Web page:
If you sustain an injury at work, you are entitled to financial restitution through your employer-funded workers’ compensation program – and this is pretty straightforward. But what happens if your injuries did not happen at work?
There is a possibility that you could still be covered under workers’ comp. To understand your eligibility for workers’ compensation benefits, it helps to start by understanding how the program works. Basically, the workers’ compensation program is meant to cover any injuries and illnesses that qualified employees suffer within the scope or course of their jobs. In other words, you must be both qualified to receive the benefits and your injuries or illness must have happened while advancing an employer-sanctioned task.
Are injuries while running errands for the boss covered?
Typically, when you’re on your own time, like during lunch or after work, any injuries you sustain wouldn’t be considered work-related. However, there are exceptions to this rule if you were running errands that benefit your employer (basically making your free time not really “free” at all). For example, if your boss asks you to pick up the office coffee order on your way back from grabbing your own lunch and you fall, that could be covered under workers’ comp.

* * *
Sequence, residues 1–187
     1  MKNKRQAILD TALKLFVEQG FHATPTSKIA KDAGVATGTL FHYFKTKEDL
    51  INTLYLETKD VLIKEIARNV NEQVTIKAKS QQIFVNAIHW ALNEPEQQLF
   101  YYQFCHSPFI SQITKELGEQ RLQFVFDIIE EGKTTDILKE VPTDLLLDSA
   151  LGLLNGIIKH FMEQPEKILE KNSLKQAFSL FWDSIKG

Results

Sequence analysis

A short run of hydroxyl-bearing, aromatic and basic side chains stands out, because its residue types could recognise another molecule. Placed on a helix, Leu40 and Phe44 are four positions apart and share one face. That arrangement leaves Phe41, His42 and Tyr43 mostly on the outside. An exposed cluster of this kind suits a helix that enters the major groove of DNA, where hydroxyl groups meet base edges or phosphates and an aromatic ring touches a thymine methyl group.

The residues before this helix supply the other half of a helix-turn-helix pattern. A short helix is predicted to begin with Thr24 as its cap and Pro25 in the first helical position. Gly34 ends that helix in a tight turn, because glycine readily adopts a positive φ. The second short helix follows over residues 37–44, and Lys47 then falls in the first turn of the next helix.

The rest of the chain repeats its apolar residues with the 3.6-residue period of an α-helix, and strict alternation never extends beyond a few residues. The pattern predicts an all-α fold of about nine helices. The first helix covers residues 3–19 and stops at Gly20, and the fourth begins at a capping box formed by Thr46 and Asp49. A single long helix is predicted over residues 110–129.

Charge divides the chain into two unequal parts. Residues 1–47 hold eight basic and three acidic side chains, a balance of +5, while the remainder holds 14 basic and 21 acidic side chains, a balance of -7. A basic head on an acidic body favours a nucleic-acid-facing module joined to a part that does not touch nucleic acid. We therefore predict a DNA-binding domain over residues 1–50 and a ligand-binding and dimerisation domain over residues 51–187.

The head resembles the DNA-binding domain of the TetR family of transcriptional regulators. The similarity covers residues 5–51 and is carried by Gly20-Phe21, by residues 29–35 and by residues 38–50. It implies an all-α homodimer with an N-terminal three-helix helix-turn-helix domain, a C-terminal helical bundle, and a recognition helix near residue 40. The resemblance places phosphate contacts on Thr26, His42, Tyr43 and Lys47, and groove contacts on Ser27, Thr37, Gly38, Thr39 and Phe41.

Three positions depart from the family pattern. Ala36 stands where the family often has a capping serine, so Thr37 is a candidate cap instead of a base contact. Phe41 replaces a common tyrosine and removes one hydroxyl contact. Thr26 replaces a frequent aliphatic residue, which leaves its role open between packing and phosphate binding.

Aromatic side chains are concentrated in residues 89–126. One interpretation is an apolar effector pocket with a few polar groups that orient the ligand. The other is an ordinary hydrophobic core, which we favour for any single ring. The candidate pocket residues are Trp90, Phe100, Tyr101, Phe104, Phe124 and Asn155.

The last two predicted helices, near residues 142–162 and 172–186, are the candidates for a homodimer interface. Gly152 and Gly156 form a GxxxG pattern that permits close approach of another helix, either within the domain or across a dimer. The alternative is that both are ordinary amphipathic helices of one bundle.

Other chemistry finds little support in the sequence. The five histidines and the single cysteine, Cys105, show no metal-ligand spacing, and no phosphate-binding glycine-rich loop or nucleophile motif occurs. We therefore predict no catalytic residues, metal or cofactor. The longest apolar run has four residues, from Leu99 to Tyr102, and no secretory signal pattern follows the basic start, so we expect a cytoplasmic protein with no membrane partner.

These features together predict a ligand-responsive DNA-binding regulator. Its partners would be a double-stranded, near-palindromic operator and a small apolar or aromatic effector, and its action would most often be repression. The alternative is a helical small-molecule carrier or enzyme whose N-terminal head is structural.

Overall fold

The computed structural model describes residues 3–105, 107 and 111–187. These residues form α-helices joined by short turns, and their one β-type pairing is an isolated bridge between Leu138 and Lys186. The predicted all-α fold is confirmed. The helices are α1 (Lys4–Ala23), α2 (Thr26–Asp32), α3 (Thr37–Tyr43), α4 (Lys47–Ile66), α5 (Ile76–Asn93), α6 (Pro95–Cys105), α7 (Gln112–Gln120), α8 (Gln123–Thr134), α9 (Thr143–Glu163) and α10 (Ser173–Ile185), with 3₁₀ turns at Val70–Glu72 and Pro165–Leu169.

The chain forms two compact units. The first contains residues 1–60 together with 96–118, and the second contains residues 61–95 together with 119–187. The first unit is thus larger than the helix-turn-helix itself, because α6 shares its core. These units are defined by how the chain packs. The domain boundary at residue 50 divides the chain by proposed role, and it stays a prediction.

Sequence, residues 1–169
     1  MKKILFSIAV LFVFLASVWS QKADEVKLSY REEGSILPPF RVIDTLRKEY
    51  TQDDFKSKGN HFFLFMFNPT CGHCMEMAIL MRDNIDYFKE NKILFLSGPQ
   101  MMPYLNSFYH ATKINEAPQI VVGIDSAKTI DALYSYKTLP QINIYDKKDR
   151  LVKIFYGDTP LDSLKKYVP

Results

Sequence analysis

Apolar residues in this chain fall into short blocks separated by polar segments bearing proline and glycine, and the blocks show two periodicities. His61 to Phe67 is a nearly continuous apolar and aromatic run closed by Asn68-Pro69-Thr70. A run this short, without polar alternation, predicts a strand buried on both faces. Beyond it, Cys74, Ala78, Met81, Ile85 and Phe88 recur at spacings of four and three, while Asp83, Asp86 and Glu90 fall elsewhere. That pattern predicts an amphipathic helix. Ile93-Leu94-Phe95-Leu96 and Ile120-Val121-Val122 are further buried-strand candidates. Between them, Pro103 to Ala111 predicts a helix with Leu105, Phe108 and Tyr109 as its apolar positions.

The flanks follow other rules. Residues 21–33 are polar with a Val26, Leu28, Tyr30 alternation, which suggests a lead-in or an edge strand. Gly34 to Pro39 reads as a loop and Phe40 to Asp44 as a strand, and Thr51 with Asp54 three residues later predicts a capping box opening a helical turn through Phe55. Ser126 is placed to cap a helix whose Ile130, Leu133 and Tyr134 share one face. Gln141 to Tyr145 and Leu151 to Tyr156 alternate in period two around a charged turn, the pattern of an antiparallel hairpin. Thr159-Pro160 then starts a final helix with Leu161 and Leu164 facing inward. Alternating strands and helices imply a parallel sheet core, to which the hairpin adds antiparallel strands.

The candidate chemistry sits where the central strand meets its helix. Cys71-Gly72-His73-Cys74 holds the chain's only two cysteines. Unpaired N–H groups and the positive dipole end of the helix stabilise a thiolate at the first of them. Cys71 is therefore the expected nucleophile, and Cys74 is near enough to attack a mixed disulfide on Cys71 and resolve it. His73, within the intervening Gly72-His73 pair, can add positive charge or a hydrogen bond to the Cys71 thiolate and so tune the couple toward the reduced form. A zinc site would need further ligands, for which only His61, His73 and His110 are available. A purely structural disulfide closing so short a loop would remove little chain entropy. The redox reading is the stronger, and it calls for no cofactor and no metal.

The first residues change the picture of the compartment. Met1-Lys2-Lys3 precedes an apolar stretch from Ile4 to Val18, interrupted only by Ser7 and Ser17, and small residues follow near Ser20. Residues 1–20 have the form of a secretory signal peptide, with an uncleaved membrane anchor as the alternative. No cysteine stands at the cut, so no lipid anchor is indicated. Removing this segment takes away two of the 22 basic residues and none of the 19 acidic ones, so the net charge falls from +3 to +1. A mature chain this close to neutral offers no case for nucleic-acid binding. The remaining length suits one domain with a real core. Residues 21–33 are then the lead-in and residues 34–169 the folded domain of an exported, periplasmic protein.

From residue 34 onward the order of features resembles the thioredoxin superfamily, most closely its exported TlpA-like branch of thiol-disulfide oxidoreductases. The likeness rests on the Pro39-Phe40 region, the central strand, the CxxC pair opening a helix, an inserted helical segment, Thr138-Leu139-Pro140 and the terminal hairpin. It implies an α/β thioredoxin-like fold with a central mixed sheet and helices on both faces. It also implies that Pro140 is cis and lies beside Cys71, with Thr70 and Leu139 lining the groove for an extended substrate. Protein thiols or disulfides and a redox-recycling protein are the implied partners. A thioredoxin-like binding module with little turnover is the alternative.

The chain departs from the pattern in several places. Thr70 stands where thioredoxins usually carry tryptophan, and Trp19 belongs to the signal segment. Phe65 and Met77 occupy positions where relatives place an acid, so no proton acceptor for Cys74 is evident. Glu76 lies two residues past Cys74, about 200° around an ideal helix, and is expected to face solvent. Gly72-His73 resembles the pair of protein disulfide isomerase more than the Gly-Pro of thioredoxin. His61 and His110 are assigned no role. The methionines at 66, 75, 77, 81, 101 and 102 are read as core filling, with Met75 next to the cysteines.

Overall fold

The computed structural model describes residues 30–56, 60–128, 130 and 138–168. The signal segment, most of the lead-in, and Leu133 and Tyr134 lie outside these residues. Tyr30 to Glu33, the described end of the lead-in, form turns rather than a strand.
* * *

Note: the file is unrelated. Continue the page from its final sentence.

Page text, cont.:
How about injuries that happen while you are commuting to work?
If you are injured while traveling to or from work, the “Going and Coming” will take effect. According to the “Going and Coming” rule, you will not be eligible for benefits if you were hurt while traveling to or from a fixed workplace. There are exceptions, however, for people who travel for work, those on business trips and those running errands for their boss (as mentioned above).
Protecting your rights
Workers’ compensation laws regarding employees who are hurt away from work can be complicated. Learning more about Georgia’s workers’ compensation laws can help you protect your rights and interests while pursuing benefits following work-related injuries.